Our Tribute to the man who truly believed in doing what you love and who showed the world what difference can it make.
RIP Steve Jobs. Mourn not his death. Celebrate his life.
We all have ideas worth sharing, and this is the place to do it. We are particularly interested in those ideas which might make a significant difference in the world in which we live. This blog post under the heading of Ideas of the week is a part of a series of weekly posts by us where we will share with you some of the ideas/links that we come across during the week and find interesting. We would love your feedback on our posts and we would love it even more if you share some links with us too!
1. A post by BostInnovation on how NFC technology could impact mobile payment in the near future
Mobile payments are becoming more and more commonplace in society with the increase in smartphones and advanced mobile devices, More
2. The Indian Chulha made healthier and being promoted as a healthier cooking mechanism across the world. Read more about the initiative here.
The Low Smoke Stove is a low-tech solution to enable healthy indoor cooking. This stove has been developed to fight the ill-effects of indoor air-pollution, More
3. Content Marketing- An infographic depicting the process of content marketing
Content marketing is the art of communicating with your customers and prospects without selling. It is non-interruption marketing. Instead of pitching your products or services, More
4. Intel’s Skool Software brings free material for healthcare workers
The Intel Skool Health Education Platform provides anytime, anywhere media content delivery and assessment platform. The idea is to help healthcare workers in developing nations treat women and children better, More
5. Paypal – An interesting video to showing how the way we shop can drastically change
The future is about creating real consumer choice, flexibility and control over how people shop and pay. The future of money is already happening with PayPal. More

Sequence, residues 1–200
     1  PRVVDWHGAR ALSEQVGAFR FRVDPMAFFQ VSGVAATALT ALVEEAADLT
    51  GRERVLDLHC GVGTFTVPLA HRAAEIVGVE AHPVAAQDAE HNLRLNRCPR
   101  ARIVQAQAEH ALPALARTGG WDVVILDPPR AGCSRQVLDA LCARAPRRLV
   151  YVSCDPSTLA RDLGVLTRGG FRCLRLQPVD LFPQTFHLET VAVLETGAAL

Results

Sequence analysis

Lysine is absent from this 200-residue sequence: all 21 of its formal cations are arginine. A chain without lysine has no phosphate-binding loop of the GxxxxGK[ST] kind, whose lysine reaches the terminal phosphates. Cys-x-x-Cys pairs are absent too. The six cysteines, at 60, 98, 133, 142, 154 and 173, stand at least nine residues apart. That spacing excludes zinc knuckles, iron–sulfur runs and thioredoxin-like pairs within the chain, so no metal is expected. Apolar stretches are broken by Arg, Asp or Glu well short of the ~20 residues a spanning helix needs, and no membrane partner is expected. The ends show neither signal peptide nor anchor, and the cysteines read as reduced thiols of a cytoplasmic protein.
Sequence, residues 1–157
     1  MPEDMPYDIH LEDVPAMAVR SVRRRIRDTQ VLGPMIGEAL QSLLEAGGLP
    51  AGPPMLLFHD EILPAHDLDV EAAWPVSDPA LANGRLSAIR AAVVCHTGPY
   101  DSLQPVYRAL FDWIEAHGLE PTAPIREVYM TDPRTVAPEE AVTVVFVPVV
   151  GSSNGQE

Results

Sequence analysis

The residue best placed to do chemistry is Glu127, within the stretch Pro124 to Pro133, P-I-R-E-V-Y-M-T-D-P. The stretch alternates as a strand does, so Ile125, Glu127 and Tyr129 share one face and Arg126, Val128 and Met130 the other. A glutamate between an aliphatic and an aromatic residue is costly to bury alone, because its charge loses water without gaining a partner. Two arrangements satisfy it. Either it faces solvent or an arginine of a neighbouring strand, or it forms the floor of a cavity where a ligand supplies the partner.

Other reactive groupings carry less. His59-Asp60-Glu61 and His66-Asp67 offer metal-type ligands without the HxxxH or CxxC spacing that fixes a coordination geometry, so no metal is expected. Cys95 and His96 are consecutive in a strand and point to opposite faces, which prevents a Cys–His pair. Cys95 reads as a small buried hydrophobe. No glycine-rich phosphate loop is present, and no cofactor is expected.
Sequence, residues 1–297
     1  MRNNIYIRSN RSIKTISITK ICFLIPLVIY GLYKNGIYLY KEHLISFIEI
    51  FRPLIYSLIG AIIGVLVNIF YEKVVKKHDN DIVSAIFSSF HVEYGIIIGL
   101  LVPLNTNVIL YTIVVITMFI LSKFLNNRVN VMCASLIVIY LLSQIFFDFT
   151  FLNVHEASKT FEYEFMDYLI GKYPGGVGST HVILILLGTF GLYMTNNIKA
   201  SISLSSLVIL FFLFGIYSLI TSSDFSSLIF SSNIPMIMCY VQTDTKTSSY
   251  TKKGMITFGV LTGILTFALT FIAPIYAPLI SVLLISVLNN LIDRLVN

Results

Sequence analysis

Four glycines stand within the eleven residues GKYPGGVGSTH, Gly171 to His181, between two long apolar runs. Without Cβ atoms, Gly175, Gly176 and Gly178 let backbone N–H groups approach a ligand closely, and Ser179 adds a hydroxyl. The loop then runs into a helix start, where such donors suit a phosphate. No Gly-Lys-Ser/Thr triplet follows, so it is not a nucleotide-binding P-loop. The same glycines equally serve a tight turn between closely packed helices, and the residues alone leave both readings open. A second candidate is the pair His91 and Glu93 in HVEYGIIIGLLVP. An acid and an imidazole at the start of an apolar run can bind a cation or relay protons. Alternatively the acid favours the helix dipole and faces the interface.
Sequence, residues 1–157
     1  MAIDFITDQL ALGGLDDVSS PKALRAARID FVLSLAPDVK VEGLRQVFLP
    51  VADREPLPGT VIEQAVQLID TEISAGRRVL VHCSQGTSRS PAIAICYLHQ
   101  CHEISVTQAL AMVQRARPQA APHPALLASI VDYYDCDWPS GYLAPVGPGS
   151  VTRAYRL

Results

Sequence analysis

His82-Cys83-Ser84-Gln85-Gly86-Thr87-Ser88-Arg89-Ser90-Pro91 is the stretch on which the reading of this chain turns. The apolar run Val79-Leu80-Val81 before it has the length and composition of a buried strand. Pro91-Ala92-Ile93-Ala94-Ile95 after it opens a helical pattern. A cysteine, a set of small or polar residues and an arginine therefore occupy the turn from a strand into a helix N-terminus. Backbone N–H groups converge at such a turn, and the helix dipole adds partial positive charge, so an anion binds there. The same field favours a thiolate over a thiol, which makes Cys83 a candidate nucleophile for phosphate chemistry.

To all those interested in the occult, worried about the future or belonging to the female gender, I have some exciting news. Ideafarms is proud to present its first android game ‘The Ladies’ Oracle’. The Ladies’ Oracle is a fun game that never fails to give accurate answers to any question asked. Originally a book by the same name, the game comes equipped with answers to over 95 questions that every girl of every age wants to know.
Men and women alike are often curious of the unknown and ask questions like;“When will I get married?”, “Will I have any children?”,“What does the future have in store for me?”. The infallible prophet “Heinrich Cornelius Agrippa”, had long ago worked out a fascinating mechanism to help you arrive at the answer to these questions which he had compiled in the original classic book by the same name – The Ladies Oracle. The book has been for years considered the perfect bible for every woman out in the world.
The Android game by Ideafarms has been designed to preserve the authenticity and enigma of the book while adding an element of fun and mystery to make it more engaging for the user.
Ask a question, choose a symbol, and get your answer. It’s that simple! Scroll through the list of questions and you’re bound to find one that suits your fancy. (Psst: The game also has a jump index bookmark thingy that makes it easy to browse questions.)
Once you’ve found a question you like, you are taken to a shape selection page, where 16 figures are moving randomly around a grid. Just tap a block to select a shape. Your destiny is in your own hands, because it is the shape selected that determines the outcome of your fate.
Spend some time trying out its features. The game never ceases to amaze you. For some answers, the Oracle will even suggest a charm or ritual. You can even choose to keep it to yourself, or share the answer with your friends through e-mail, Facebook or Twitter.
Though there are some unlucky days, during which it is not advised to consult the Oracle, and it is not considered prudent to ask the same question twice in one day, you need not worry about it as the game is designed to help you out there.
Hard to put down, the game promises to be your constant companion, be it an important meeting, a lazy Sunday afternoon, or a fun filled slumber party.